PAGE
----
No goggles. But there are companies that make laser viewing cards such as this which fluoresce when placed in the light beam.
 
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steveB

Well-Known Member
Most Helpful Member
I'll run through and give my take on answering these. I apologize that many of my answers might be the same as above, but it is just easier to answer directly without trying to figure out where I'm duplicating and agreeing with answers above.

-When a laser diode is said to be a 30 mW, is that the optical power output or the power fed to it ?
Any of the good quality and expensive laser diodes I used to work with, were specified very precisely in terms of output optical power. If one wanted to know the electrical input power, the current curve and voltage specification could be used to figure that out quite easily.

-If the voltage across anode and cathode is 2.5Vf; a 100mW laser diode is to have 0.1 / 2.5 = 40mA current ?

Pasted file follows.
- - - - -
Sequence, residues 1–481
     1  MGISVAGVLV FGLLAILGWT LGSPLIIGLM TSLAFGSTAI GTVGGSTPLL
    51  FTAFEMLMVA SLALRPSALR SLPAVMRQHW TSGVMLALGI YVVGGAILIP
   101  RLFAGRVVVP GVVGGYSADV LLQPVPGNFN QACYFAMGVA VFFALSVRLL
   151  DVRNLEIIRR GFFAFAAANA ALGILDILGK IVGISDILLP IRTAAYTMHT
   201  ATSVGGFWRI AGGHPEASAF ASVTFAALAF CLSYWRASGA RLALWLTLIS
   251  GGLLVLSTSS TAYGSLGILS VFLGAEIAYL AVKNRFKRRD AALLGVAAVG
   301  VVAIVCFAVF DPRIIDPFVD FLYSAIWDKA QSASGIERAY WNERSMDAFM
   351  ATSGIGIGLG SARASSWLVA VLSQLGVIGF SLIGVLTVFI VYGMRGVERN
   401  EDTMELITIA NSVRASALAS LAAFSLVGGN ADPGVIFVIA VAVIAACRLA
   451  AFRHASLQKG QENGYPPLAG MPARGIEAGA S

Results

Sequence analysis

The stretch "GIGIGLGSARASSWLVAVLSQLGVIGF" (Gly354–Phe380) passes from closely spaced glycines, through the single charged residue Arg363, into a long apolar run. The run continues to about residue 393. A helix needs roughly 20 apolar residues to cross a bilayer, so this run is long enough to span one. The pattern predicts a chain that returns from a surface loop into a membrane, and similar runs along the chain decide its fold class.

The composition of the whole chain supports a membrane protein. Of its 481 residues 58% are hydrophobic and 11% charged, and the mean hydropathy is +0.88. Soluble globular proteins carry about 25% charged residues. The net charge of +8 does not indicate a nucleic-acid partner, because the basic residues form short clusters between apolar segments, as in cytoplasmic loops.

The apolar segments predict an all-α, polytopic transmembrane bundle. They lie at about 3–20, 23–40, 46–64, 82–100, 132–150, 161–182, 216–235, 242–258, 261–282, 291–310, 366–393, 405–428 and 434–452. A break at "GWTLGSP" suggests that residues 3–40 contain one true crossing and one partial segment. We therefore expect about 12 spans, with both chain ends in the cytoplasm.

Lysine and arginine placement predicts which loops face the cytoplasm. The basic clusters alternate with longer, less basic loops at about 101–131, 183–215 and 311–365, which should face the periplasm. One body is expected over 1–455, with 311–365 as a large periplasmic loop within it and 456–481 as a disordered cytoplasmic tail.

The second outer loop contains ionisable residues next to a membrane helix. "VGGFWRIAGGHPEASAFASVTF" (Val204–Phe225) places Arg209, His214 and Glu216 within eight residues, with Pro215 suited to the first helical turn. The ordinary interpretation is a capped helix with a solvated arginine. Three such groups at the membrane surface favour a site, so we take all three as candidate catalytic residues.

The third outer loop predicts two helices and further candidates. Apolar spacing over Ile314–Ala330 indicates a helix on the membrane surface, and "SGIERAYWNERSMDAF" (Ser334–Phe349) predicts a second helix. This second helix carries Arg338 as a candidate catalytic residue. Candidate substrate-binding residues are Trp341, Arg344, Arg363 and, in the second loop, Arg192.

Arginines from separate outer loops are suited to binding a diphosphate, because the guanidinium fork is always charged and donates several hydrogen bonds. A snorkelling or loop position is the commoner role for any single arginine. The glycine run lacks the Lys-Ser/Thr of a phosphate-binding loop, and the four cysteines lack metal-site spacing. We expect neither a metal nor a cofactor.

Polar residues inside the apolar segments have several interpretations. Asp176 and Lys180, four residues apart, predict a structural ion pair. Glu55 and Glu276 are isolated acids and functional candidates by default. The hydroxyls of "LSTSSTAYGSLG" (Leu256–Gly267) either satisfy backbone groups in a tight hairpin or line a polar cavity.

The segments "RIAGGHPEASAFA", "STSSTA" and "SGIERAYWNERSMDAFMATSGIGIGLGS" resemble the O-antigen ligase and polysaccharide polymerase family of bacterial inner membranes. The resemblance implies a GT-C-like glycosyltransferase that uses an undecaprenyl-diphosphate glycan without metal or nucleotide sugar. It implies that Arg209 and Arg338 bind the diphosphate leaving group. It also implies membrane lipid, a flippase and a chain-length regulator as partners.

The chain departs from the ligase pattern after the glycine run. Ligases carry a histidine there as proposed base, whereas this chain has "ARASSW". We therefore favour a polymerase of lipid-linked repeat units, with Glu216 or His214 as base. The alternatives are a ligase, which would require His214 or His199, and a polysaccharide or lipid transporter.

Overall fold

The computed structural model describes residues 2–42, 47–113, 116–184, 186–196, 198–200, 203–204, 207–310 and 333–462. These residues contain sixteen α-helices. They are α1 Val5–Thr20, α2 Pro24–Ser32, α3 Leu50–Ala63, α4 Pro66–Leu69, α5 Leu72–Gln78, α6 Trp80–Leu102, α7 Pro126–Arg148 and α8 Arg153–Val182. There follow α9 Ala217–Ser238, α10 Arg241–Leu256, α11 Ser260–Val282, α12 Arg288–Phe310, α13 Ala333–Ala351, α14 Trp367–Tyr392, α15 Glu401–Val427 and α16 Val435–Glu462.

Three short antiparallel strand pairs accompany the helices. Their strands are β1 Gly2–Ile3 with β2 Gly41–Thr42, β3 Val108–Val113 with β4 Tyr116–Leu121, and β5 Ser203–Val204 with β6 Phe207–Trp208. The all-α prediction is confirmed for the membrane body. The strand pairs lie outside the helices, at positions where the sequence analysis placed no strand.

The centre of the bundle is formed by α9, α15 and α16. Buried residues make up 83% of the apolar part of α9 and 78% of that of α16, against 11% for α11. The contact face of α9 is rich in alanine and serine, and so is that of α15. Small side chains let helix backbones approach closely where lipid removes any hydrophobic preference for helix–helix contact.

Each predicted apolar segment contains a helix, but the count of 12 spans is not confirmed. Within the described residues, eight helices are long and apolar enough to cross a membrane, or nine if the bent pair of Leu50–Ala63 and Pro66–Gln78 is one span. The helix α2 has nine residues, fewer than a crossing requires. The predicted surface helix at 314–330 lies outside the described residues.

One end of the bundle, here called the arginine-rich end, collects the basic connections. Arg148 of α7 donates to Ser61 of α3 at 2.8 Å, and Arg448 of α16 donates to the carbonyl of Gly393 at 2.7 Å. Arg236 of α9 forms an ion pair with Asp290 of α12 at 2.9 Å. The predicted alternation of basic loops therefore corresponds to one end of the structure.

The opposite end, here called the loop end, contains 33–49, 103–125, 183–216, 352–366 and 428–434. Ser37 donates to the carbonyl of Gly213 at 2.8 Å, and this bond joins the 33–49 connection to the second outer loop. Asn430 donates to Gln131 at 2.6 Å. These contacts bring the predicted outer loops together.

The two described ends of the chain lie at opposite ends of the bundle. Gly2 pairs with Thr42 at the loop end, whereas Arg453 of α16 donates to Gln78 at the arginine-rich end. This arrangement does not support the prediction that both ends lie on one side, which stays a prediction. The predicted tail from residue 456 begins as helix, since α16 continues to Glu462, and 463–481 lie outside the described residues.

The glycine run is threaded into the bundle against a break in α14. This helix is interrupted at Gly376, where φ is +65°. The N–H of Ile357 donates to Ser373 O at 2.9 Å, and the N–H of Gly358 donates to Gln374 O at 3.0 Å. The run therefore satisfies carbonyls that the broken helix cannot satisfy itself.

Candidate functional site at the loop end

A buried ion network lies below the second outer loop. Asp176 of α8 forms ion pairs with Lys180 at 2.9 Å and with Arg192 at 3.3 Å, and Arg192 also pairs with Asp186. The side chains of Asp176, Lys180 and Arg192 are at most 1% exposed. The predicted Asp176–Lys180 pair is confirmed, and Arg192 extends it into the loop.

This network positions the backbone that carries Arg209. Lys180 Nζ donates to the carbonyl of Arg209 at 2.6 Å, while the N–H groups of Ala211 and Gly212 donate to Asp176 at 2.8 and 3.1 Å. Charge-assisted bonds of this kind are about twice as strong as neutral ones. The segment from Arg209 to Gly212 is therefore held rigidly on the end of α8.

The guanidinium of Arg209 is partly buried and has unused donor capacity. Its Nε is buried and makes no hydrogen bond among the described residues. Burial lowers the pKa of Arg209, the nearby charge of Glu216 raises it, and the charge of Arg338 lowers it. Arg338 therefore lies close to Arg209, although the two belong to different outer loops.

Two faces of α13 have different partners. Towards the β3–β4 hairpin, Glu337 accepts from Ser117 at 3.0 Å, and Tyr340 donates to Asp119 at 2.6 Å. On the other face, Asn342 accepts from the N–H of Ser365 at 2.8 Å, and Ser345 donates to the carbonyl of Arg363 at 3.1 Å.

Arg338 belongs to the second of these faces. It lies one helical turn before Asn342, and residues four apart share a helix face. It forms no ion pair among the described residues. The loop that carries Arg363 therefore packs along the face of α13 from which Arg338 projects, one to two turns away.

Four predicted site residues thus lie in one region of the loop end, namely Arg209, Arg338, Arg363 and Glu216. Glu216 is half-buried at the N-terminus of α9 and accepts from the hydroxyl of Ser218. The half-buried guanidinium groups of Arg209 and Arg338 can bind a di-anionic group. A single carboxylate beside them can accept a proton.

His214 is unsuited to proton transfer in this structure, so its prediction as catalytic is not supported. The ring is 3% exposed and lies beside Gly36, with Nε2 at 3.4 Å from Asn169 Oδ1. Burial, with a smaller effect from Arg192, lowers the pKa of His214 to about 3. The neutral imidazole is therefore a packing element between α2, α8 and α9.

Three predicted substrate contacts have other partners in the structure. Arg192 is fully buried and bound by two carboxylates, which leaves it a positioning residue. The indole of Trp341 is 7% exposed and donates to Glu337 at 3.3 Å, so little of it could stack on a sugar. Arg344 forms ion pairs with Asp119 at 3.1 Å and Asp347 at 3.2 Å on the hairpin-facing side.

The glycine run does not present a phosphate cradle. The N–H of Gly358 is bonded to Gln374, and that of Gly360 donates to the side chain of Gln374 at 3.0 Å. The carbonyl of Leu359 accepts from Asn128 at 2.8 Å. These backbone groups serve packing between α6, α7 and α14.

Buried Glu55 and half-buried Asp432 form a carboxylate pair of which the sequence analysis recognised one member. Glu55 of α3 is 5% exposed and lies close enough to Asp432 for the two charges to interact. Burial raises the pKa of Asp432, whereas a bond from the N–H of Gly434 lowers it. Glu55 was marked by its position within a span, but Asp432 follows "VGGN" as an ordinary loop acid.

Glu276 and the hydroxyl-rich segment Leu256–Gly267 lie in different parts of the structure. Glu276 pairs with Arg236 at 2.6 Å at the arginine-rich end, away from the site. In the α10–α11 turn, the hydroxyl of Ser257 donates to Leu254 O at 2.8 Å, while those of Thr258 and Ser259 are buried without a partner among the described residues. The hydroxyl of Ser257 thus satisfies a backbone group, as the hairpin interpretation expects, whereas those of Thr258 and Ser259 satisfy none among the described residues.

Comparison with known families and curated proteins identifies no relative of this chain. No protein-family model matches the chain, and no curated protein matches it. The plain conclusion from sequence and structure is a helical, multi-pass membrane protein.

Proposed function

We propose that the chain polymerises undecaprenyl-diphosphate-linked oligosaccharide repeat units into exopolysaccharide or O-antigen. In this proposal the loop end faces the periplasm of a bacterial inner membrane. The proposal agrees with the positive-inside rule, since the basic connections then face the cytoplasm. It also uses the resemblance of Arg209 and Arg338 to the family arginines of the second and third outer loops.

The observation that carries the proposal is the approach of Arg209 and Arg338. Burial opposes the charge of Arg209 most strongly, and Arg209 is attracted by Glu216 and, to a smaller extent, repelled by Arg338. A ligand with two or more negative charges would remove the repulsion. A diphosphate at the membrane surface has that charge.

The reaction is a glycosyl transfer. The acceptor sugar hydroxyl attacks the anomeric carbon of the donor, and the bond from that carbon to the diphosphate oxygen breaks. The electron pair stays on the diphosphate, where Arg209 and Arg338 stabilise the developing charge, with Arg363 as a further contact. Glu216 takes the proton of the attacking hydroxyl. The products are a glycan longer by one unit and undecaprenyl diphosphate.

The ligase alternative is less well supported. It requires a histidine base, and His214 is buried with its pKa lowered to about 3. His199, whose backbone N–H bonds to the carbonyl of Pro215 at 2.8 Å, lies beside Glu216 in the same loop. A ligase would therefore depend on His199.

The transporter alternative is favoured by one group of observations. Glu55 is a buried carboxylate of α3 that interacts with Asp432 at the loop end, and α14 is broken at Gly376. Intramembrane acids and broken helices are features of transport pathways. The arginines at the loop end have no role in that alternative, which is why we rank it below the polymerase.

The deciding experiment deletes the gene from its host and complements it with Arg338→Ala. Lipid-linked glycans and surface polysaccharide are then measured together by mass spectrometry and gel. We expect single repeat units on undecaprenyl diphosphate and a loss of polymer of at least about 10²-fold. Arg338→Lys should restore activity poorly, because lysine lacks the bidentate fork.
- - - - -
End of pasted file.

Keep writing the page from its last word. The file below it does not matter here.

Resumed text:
Generally more current is needed. There is a threshold current needed to get lasing going, then there is a quantum efficiency issue which does not allow all power to be converted over.

-There was awell written tutorial article on the web about a clever simple method to determine the maximum safe operating current for an unknown/unmarked laser diode which I believe was based in perhaps observing a subtle 'knee' when plotting observed V I curves. I cannot find it now. Would you know about it ?
I never heard about this and I would be skeptical that this method can be used reliably in all cases. Obey manufacturers specifications and guidelines, or risk damage to the laser.

-A laser diode can focus to a few micrometers dot, but as seen on typical lasers, they project a spot of about a couple of millimetres diameter. What am I missing ? How to reduce the diameter of the beam ?
The spot size of a single spacial mode laser diode would indeed be at the micron level, not the mm level. But, lenses are used to create a collimated laser beam of the order of millimeters to make a beam that can travel long distance. The beam from a laser will not travel far at small size. This is just a diffraction limitation of light. You can reduce the size back down to micron level using very well design lenses suited to that purpose, but again, the focus point will be limited over a short distance.